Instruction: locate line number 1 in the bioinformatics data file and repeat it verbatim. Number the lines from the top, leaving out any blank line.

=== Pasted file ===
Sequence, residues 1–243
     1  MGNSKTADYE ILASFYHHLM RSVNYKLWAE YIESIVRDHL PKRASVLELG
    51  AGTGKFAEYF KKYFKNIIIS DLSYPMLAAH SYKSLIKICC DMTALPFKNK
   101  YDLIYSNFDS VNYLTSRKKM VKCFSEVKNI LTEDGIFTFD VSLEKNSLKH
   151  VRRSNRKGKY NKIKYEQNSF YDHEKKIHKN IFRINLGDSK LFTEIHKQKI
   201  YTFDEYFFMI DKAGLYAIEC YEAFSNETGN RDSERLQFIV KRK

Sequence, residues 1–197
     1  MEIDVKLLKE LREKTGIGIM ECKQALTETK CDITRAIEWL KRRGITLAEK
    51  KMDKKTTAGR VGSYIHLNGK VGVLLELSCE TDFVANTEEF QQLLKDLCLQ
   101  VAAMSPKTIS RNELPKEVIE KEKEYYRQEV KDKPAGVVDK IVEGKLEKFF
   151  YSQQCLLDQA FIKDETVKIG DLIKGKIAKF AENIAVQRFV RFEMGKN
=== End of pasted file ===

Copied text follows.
Sequence, residues 1–243